As you may have read elsewhere, I found a mosaic maker from Big Huge Labs. This is my first attempt and I am pleased. It works with Flickr, so I did learn a few things. I need to organize my Flickr files better, especially the Favorites is the major one. In the meantime enjoy this mosaic. The upper lefthand corner quilt is from Jan over at Be*Mused blog.
TFQ and I went to Quiltworks Northwest in Bellevue on Friday. At the shop, TFQ saw this bag made up and bought the pattern. The pattern is called Eco Market Tote and is from Favorite Things. I don’t normally buy or even think about non-quilt things, so I didn’t pay much attention. I was interested, but not from the making point of view. I am not sure what lit the spark, but after we visited the Quilting Loft and saw the Alexander Henry Home Dec fabrics, I knew I wanted to make one. TFQ suggested that we make them and it was a great idea. I would have never finished mine if TFQ and I had made the first ones together/at the same time. While we were working with our own fabrics, we puzzled out the directions together. We, unfortunately, got the first printing of the pattern and there are a few mistakes, which have, since, been corrected (TFQ contacted the company). We also made some adjustments, like making the handles wider than the pattern calls for.
The fabulous thing that I found is that this is a great opportunity to work in series. No, it is not a quilt, but it is a great canvas for showcasing fabric combinations. There is also a lot of room for creativity – different types of pockets, different fabric combinations, different fabric ratios and even embellishment. I know that TFQ has picked out fabrics for two more and I would like to make more as well. I have several large conversational fabrics in the quilt backs stack that would really be great as bags. I also have some great French fabrics that a friend brought me from France that would make excellent totes.
This is my bag. As mentioned, the fabrics are from the Alexander Henry Home Collection. They feel like canvas, but may be a kind of cotton duck. I am actually kind of stunned that I picked them out as the accent fabric has a lot of brown and all of the fabrics are very 1960s looking.
This was a great project to branch out in the fabric department and try something new. I wouldn’t buy these for a quilt, but for this bag, they are great!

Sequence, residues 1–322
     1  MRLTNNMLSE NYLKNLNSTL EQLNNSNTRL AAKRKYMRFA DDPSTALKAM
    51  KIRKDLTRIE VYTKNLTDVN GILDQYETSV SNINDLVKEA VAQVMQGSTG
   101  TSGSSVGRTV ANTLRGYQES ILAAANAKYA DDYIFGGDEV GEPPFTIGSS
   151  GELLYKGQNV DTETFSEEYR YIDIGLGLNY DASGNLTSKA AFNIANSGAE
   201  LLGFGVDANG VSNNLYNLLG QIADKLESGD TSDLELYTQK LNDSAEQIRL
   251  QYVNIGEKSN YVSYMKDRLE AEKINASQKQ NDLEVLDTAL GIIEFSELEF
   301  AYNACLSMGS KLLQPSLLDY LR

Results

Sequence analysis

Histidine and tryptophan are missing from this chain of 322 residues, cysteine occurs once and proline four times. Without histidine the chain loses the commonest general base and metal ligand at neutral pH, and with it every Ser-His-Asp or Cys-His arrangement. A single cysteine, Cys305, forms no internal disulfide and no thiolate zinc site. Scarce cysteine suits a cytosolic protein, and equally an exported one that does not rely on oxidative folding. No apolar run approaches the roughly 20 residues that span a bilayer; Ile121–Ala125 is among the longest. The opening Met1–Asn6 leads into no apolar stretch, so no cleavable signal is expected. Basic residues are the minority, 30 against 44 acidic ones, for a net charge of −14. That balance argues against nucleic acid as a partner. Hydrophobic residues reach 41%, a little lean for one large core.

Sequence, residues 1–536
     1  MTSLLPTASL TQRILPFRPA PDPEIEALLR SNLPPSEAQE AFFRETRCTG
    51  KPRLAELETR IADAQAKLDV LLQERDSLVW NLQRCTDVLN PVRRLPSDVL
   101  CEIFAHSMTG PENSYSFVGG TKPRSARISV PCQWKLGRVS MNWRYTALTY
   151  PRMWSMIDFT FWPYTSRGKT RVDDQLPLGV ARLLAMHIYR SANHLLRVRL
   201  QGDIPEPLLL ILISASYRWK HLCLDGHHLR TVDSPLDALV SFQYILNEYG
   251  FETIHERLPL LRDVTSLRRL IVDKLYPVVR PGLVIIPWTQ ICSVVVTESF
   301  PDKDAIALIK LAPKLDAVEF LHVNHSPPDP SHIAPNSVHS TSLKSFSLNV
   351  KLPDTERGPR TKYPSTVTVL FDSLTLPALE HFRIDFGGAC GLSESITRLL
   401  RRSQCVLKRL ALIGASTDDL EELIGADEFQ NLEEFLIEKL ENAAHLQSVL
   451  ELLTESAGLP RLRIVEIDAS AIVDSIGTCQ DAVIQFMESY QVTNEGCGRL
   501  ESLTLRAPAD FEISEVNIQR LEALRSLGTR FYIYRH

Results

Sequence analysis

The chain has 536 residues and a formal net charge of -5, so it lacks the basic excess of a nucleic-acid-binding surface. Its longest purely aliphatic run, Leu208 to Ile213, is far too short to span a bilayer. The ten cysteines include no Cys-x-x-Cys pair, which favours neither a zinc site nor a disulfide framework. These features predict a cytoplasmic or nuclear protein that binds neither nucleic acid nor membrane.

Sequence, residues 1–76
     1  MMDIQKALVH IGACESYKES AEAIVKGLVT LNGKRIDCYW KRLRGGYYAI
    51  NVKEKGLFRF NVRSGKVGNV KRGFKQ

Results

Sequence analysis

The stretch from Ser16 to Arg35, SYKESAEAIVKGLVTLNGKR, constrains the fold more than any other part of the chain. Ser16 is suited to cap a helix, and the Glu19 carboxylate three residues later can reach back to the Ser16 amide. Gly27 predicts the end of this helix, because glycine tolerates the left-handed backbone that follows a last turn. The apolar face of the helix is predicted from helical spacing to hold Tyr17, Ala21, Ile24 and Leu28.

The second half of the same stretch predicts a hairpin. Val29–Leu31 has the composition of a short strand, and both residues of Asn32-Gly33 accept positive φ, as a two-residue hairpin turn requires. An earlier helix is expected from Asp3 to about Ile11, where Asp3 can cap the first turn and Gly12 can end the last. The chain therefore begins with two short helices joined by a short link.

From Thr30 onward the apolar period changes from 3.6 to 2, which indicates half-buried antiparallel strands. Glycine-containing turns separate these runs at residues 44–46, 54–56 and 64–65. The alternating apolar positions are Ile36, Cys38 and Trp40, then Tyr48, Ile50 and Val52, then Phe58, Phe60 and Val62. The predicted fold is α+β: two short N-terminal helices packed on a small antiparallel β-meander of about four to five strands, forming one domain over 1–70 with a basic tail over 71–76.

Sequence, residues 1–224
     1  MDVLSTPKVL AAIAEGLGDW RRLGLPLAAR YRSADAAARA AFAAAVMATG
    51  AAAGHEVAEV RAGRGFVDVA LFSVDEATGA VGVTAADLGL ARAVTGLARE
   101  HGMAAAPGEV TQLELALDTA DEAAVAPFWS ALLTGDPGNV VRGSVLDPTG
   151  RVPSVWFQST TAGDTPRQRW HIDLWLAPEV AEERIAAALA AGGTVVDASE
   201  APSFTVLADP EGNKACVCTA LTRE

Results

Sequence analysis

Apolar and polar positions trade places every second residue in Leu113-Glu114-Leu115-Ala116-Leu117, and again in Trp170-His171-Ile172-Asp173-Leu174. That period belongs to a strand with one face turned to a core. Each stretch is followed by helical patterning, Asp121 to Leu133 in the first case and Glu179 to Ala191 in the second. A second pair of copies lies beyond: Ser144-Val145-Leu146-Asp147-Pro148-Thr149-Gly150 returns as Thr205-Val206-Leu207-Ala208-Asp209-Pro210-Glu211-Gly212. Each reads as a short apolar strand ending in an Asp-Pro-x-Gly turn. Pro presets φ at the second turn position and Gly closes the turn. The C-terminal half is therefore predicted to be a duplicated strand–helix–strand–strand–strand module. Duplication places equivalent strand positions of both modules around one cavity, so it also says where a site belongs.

Back of the bag in construction phase.Front of bag with pocket pinned on. The back and front are the same until you put the pocket on. The above picture is how that back looks and the picture below, as you can see from the picture of the finished product, is how the front looks.
This is the third bag. TFQ made it today.
She added two more pockets on this side to break up all the black. The new pockets do a good job of bringing the red fabric back into the limelight.
The lovely piece below has the distinction of being the first bag we completed. It is TFQ’s bag, but I think it was a real collaborative effort – at least int he brain power department. This was also the bag we learned on. The fabrics are fabulous and it turned out really well.
Detail of the the reinforcing X stitching to keep the handle secure.
After reading Cloth Paper Scissors all week, I got a bug in my ear to paint and layer stuff. It had been germinating for awhile and the CPS just put all the pieces together. I used to make book covers and postcards by cutting out pictures from magazines, gluing them down and covering them with contact paper. I still have at least one bookcover with such a collage. Not as sophisticated a process as the ones CPS describes, but creative nonetheless. I like to make things that are useful, I guess.
The World’s Finest Chocolate boxes are cool. Darling Boy sells chocolate from them every year and I love the shape. They are like little suitcases and I just couldn’t toss them out. I thought I could decorate them and make something.
First, I went through my supply closet and pulled out all of the possible supplies.
Then I carted everything downstairs, covered the table DH had set up for me with newspaper and set out for the craft store. I knew, from reading CPS, that I needed Diamond Gel Medium. I don’t have a good art store nearby and the craft store didn’t have it so I reverted to some dark depths from my painting past and bought Gesso. On a whim, I also bought some Sparkle Glaze and some dotted scrapbook papers as well as a pack of cheap brushes.
Next, I covered the box with Gesso and let it dry.